6. Never put outgoing checks or bill payments in your home mailbox, as they are easy to steal. While sending checks is a popular and desired holiday gift, it also has its risks, as thieves can steal mail containing checks and gain other personal information from bills and financial statements. Where practical, drop all items containing checks or financial information in a secure postal mailbox or at the post office.

Online shopping & Identity Protection

  1. Log off completely when finished with online transactions. Closing or minimizing your browser or typing a new Web address may not be enough to prevent others from accessing your online information. Instead, click “log off” to terminate your online session. In addition, don’t allow your browser to “remember” your username and password information.
  2. Increase your own computer’s security. Personal firewalls and security software packages (with anti-virus, anti-spam, and spyware detection features) are a must-have for those who plan on shopping online this season. Make sure your computer has the latest security patches, and make sure that you access your online financial accounts only on a secure Web page using encryption.
  3. Avoid e-mailing personal and financial information. Although your computer may be “well protected” with proper firewall, antivirus, Internet security or encryption software, the individual or company receiving your information may not have similar security in place. Always confirm with online retailers that they have proper Internet security in place before responding to any e-mail request.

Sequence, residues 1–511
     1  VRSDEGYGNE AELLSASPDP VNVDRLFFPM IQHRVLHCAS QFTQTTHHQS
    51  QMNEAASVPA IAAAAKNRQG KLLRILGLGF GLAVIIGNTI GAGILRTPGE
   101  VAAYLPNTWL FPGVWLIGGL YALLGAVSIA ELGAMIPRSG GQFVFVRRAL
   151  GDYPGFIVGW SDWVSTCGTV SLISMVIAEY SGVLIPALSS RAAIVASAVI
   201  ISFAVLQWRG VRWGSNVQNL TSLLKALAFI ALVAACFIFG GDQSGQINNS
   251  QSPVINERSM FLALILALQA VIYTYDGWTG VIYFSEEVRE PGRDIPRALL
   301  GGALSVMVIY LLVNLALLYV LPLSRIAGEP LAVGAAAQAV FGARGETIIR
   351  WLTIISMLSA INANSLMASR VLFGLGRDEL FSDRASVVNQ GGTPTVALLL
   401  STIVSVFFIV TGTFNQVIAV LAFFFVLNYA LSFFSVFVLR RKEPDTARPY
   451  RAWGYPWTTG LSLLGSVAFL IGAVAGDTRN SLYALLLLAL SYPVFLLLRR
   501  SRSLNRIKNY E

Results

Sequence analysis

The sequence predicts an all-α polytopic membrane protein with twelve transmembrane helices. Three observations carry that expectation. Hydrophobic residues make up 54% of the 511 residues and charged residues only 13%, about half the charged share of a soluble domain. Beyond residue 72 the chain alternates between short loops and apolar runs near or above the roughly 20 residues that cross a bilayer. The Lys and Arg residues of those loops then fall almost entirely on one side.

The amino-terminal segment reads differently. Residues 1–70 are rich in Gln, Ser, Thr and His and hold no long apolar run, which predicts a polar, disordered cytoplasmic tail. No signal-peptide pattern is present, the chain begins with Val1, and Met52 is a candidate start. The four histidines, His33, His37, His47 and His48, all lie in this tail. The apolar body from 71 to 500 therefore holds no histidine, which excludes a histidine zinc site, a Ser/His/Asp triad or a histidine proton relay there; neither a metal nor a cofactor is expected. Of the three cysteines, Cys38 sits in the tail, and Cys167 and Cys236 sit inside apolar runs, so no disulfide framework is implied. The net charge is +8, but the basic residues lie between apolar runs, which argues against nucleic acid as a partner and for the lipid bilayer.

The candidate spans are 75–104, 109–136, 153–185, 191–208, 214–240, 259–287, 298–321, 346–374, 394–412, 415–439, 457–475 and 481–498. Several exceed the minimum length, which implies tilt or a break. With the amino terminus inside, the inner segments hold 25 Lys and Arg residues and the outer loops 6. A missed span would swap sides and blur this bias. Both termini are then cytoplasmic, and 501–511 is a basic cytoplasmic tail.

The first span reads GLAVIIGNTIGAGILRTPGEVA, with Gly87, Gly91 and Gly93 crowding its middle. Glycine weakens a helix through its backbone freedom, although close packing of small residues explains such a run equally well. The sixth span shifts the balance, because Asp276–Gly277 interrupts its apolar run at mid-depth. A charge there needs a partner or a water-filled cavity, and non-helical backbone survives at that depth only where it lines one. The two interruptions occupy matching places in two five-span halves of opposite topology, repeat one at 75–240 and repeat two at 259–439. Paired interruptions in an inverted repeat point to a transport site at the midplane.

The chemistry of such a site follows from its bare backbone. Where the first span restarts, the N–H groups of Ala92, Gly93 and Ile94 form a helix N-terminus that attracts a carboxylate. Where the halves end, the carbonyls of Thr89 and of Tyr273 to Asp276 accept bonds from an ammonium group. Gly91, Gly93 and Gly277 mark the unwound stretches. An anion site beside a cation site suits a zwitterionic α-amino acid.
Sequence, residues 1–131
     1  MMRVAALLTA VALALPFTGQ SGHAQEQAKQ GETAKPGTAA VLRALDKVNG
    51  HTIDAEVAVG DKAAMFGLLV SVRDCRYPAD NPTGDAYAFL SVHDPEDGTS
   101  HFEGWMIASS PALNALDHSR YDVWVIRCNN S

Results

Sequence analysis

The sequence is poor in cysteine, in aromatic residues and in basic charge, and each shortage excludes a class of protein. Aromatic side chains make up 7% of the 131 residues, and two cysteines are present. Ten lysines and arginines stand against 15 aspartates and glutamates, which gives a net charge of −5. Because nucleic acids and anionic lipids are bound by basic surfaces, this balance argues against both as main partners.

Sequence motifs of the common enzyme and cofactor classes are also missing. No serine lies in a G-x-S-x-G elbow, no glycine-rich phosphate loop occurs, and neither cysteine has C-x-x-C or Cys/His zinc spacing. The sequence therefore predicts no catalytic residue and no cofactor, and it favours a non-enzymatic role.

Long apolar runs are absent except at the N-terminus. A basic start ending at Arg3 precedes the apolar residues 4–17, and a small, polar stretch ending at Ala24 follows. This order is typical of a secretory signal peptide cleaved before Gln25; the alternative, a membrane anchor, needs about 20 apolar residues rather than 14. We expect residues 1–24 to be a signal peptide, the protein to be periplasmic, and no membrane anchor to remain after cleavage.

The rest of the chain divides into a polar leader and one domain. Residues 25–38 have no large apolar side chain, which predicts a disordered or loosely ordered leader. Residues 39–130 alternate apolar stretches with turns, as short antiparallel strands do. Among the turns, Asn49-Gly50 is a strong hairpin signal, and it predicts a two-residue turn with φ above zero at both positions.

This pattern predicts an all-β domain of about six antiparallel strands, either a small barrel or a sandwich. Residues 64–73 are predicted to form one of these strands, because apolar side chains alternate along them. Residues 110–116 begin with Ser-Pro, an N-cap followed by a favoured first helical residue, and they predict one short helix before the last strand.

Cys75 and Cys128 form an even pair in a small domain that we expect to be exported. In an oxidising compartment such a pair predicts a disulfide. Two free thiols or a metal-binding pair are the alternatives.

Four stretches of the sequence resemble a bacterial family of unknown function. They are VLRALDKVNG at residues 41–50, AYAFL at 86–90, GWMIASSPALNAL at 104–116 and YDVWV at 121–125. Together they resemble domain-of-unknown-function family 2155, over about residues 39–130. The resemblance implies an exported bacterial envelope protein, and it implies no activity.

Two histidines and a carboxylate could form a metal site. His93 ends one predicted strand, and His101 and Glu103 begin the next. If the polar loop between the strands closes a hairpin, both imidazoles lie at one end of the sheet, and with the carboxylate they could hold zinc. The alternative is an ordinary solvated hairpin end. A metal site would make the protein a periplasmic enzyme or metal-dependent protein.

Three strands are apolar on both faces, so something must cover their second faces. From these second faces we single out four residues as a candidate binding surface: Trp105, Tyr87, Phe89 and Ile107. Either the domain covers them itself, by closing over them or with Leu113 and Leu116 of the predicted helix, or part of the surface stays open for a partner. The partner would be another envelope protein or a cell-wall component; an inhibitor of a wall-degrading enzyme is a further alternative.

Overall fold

4. Delete, without replying to, any suspicious e-mail requests. Hackers and spammers often impersonate retailers to lure personal financial information. If there is any reason to doubt the authenticity of an e-mail message from a company you do business with, don’t click on links or buttons in the message. Instead, type the Internet address of the company into your browser, log on as you usually do, and examine your account information. You may also telephone a company to ask if an e-mail is legitimate.

A winter storm is bearing down. Are you ready?

A winter storm is bearing down.
Are you ready?

Bitter temperatures, howling winds and icy precipitation can easily turn a pretty winter snowfall into a dangerous event.

With a storm now on your doorstep, here are a few things you can do to stay safe and warm while the storm
passes through.

Check your supplies. Make sure you have a snow shovel and ice melt to keep walkways clear and safe. Check that you have sufficient heating fuel for your home and fuel for your generator, if you have one. If you will be using a fireplace or wood-burning stove, you should have a good supply of dry, seasoned wood. Have warm clothing and blankets on h and and stock non-perishable food items and necessary medications to last you and your family several days.

Get ready for a power outage. Turn your heat up now and close off any rooms that are not in use. Check pipe insulation and allow water to run at a trickle to prevent pipes from freezing. Charge your battery-powered electronic and communications devices. A battery-powered radio can help keep you aware of changing weather conditions. Get out your flashlights, batteries, first aid kit and other emergency supplies.